Waymo’s commercial driverless taxi service has been offering rides in parts of Phoenix, Arizona for nearly a year.
But now Waymo has opened up its driverless ride hailing service to selected residents in the California city of San Francisco.
The firm is seeking feedback from local residents before a broader expected rollout in the city. A video of the San Francisco service can be found here.
Waymo announced the San Francisco trial in a blog post on Tuesday.
“Today, we’re excited to share the next step in our journey in the City by the Bay, with the kickoff of our Waymo One Trusted Tester program,” the firm stated.
It revealed that its Trusted Tester scheme is a research-focused program that will invite San Franciscans to actively help the firm shape the future of fully autonomous ride-hailing.
“We’ve been driving in the city for over twelve years, have accumulated more autonomous driving miles in California than anyone in the industry, and began ramping up our testing by offering autonomous rides to our employees in San Francisco earlier this year,” it said.
Those residents taking part in the scheme will be able to hail an autonomous ride in one of Waymo’s all-electric Jaguar I-PACE vehicles equipped with the fifth-generation Waymo Driver.
“While this is a first for San Francisco, it is a familiar step for Waymo,” it said. “Over the past four years in Metro Phoenix, we’ve gone from welcoming our first riders in 2017 with an autonomous specialist on board, to launching the first public, fully autonomous ride hailing service. Since October 2020, we’ve served tens of thousands of fully autonomous rides, and through our years of experience, have refined our incremental approach guided by our safety framework and rider feedback.”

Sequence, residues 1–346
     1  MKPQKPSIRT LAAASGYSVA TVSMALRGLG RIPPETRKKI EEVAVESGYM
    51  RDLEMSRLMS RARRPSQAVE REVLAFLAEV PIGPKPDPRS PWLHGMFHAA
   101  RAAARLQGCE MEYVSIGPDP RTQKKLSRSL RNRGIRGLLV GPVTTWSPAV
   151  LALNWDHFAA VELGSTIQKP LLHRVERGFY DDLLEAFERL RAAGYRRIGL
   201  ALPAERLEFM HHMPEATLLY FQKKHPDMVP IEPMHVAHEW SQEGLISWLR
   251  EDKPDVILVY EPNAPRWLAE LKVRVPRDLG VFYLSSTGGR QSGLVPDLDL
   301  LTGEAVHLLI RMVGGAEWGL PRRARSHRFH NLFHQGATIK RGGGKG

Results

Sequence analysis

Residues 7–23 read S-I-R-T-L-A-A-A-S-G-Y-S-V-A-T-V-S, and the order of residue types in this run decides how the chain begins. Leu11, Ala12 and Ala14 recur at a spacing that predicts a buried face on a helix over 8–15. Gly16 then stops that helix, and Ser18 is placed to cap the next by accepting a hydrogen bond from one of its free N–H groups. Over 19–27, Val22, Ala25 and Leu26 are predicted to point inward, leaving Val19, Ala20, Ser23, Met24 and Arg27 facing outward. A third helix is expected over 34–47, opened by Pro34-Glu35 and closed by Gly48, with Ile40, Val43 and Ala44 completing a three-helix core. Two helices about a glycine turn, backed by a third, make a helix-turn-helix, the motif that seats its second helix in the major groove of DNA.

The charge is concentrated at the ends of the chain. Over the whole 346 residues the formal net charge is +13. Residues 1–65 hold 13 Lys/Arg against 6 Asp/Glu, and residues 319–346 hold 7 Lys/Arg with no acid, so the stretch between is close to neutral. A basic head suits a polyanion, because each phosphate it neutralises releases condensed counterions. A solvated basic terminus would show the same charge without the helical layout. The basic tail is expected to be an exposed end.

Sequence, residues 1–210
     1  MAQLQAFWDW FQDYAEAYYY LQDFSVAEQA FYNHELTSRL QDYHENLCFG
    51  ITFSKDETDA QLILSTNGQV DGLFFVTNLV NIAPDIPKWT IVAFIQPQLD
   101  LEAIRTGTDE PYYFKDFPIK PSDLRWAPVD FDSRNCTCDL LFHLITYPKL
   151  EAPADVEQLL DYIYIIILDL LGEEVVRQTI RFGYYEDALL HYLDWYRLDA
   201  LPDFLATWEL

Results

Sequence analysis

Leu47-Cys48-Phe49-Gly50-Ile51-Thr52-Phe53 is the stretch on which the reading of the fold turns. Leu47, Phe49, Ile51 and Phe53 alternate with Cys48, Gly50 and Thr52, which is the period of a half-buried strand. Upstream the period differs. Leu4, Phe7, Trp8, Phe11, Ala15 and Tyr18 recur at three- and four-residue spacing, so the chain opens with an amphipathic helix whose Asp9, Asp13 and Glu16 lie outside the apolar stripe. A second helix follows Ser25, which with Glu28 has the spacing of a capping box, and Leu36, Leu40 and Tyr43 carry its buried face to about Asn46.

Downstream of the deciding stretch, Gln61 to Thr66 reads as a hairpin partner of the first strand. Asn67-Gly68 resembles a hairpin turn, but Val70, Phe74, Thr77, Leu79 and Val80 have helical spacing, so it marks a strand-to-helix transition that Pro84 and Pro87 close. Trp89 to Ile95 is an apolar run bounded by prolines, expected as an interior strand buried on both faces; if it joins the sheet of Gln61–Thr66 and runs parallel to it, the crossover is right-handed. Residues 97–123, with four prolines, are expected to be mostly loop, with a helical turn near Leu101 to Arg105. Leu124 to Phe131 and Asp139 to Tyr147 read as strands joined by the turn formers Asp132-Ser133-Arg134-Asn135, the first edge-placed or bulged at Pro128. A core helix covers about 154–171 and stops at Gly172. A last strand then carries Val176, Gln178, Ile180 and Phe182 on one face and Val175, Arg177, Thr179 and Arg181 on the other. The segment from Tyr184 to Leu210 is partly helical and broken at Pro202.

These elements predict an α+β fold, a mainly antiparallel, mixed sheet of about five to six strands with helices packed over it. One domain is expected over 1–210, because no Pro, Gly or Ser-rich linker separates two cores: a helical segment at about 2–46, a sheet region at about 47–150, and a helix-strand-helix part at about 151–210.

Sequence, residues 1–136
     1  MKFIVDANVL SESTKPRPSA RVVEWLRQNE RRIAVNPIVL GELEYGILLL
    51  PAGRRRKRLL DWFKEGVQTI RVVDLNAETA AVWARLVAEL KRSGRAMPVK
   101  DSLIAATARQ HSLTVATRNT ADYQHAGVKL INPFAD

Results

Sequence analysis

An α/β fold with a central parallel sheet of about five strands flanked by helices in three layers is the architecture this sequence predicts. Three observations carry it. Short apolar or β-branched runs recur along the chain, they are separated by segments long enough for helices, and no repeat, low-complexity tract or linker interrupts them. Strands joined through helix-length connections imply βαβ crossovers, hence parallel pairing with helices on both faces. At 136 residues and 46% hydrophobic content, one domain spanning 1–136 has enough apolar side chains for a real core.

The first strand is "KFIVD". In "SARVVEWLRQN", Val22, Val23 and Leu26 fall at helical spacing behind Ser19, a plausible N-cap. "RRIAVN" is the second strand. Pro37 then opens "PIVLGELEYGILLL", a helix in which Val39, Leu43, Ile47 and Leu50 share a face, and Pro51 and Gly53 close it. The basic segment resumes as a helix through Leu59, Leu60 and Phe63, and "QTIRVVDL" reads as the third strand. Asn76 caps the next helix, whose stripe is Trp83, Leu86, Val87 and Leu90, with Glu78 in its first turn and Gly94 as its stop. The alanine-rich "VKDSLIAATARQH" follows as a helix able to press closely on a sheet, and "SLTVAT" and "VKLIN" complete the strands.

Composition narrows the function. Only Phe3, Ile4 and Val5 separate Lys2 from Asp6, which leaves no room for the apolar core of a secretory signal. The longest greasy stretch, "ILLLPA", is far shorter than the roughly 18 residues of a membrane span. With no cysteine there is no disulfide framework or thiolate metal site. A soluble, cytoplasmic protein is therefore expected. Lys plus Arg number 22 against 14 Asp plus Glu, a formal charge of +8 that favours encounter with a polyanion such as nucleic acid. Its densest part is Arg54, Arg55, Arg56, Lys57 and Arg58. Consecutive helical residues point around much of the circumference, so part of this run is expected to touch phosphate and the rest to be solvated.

However, at the moment, all rides in the program will have an autonomous specialist on board.
“Through the Trusted Tester program, we’ll help San Francisco residents expand their mobility options while complementing the city’s robust public transportation infrastructure,” said Waymo.
“We’re committed to ensuring that our ride-hailing service is accessible for people with disabilities, both in our autonomous vehicles and in rides provided through our local wheelchair accessible vehicle partner.”
“Our commitment to the city of San Francisco extends beyond Waymo One, as we are dedicated to serving the community through civic engagement and public education efforts in the Bay Area, as we work with key city stakeholders to bring awareness to the societal benefits of autonomous driving technology,” it concluded.
Waymo had to shut down all its ride-hailing services in Arizona in early 2020 due to the Coronavirus pandemic, but began offering rides again as of 8 October 2020.
This came after the firm fitted its cars with barriers between the driver and passenger area as a safety barrier. Backup drivers are still used in expanded routes in Phoenix.
The fully driverless taxi option is limited to a mostly residential area that includes the Phoenix suburbs of Chandler, Gilbert, Mesa and Tempe.
In May this year a Waymo taxi in Phoenix with no backup safety driver suffered a high profile incident when the car got confused and halted when it encountered a coned-off road.
And to make matters worse, when roadside assistance was dispatched, the confused Waymo vehicle drove off.
The Waymo vehicle eventually became stuck farther down the road, which was lined with construction cones, allowing the Waymo assistance driver to take over.
Waymo’s intention for years has been to offer a commercial fully driverless ride-hailing service to the general public.
It has also been driving in San Francisco and the Bay Area since it first started in 2009.
In June Waymo raised an additional $2.5 billion funding round that it said would be used to develop its autonomous driving technology as well as expanding its team.
CNBC however has reported that some Waymo employees have grown frustrated with the company’s slow pace of expansion.
Indeed, several members of Waymo staff departed in the last several months, including its former CEO.
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